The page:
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IEEE TRANSACTIONS ON FUZZY SYSTEMS, VOL. 7, NO. 4, AUGUST 1999

A Fuzzy k-Modes Algorithm for Clustering Categorical Data
Zhexue Huang and Michael K. Ng

Abstract— This correspondence describes extensions to the fuzzy k -means algorithm for clustering categorical data. By using a simple matching dissimilarity measure for categorical objects and modes instead of means for clusters, a new approach is developed, which allows the use of the k -means paradigm to efficiently cluster large categorical data sets. A fuzzy k -modes algorithm is presented and the effectiveness of the algorithm is demonstrated with experimental results. Index Terms—Categorical data, clustering, data mining, fuzzy partitioning, k -means algorithm.

I. INTRODUCTION HE -means algorithm [1], [2], [8], [11] is well known for its efficiency in clustering large data sets. Fuzzy versions of the -means algorithm have been reported in Ruspini [15] and Bezdek [3], where each pattern is allowed to have membership functions to all clusters rather than having a distinct membership to exactly one cluster. However, working only on numeric data limits the use of these -means-type algorithms in such areas as data mining where large categorical data sets are frequently encountered. Ralambondrainy [13] presented an approach to using the -means algorithm to cluster categorical data. His approach converts multiple categorical attributes into binary attributes, each using one for presence of a category and zero for absence of it, and then treats these binary attributes as numeric ones in the -means algorithm. This approach needs to handle a large number of binary attributes when data sets have attributes with many categories. This will inevitably increase both computational cost and memory storage of the -means algorithm. The other drawback is that the cluster means given by real values between zero and one do not indicate the characteristics of the clusters. Other algorithms for clustering categorical data include hierarchical clustering methods using Gower’s similarity coefficient [6] or other dissimilarity measures [5], the PAM algorithm [9], the fuzzy-statistical algorithms [18], and the conceptual clustering methods [12]. All these methods suffer from a common efficiency problem when applied to massive categorical-only data sets. For instance, the computational complexity of most hierarchical clustering methods is [1] and the PAM algorithm has the complexity of per iteration [14], where is the size of data set and is the number of clusters.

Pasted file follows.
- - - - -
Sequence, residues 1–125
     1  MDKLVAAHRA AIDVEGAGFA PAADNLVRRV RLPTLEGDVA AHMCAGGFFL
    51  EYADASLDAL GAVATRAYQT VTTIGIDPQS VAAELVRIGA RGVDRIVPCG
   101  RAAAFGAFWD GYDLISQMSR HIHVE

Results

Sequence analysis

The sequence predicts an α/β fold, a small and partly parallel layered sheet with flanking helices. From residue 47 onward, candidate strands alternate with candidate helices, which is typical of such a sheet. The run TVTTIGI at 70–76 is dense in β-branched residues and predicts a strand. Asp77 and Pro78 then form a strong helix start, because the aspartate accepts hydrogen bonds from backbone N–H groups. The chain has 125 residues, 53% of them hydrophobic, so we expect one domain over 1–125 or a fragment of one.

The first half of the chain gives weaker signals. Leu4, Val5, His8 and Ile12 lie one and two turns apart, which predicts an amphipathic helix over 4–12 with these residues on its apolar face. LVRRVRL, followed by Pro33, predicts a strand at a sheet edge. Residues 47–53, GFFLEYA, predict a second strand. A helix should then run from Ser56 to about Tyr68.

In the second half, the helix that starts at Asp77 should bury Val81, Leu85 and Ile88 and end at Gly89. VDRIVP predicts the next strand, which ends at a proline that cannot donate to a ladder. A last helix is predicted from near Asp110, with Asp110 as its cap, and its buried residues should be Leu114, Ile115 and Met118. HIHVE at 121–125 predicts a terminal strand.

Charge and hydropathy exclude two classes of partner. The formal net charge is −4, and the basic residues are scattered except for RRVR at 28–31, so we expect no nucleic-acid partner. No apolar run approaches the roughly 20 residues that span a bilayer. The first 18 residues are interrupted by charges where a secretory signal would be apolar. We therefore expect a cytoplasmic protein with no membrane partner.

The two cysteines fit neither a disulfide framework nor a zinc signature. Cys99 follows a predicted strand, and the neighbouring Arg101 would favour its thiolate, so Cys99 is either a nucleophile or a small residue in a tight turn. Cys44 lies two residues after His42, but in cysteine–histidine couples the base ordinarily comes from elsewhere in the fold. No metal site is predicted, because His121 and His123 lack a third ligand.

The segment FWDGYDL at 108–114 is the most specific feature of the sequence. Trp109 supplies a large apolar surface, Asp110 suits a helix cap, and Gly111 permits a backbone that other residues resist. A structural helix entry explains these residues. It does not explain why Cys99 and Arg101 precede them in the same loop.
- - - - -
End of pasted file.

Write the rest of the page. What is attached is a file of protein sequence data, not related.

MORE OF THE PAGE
Manuscript received September 2, 1997; revised October 28, 1998. This work was supported in part by HKU CRCG under Grants 10 201 824 and 10 201 939. Z. Huang is with Management Information Principles, Ltd., Melbourne, Australia. M. K. Ng is with the Department of Mathematics, The University of Hong Kong, Hong Kong. Publisher Item Identifier S 1063-6706(99)06705-3.

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To tackle the problem of clustering large categorical data sets in data mining, the -modes algorithm has recently been proposed in [7]. The -modes algorithm extends the -means algorithm by using a simple matching dissimilarity measure for categorical objects, modes instead of means for clusters, and a frequency-based method to update modes in the clustering process to minimize the clustering cost function. These extensions have removed the numeric-only limitation of the -means algorithm and enable it to be used to efficiently cluster large categorical data sets from real-world databases. In this paper, we introduce a fuzzy -modes algorithm which generalizes our previous work in [7]. This is achieved by the development of a new procedure to generate the fuzzy partition matrix from categorical data within the framework of the fuzzy -means algorithm [3]. The main result of this paper is to provide a method to find the fuzzy cluster modes when the simple matching dissimilarity measure is used for categorical objects. The fuzzy version has improved the -modes algorithm by assigning confidence to objects in different clusters. These confidence values can be used to decide the core and boundary objects of clusters, thereby providing more useful information for dealing with boundary objects. II. NOTATION We assume the set of objects to be clustered is stored defined by a set of attributes in a database table . Each attribute describes a domain of and associated with a defined values denoted by semantic and a data type. In this letter, we only consider two general data types, numeric and categorical and assume other types used in database systems can be mapped to one of these two types. The domains of attributes associated with these two types are called numeric and categorical, respectively. A numeric domain consists of real numbers. A is defined as categorical if it is finite and domain , either or unordered, e.g., for any , see for instance [5]. in can be logically represented as a conAn object junction of attribute-value pairs , where for . Without as a vector . ambiguity, we represent is called a categorical object if it has only categorical values. attribute values. If We consider every object has exactly is missing, then we denote the the value of an attribute by . attribute value of be a set of objects. Object Let is represented as . We write if for . The relation does not and are the same object in the real-world mean that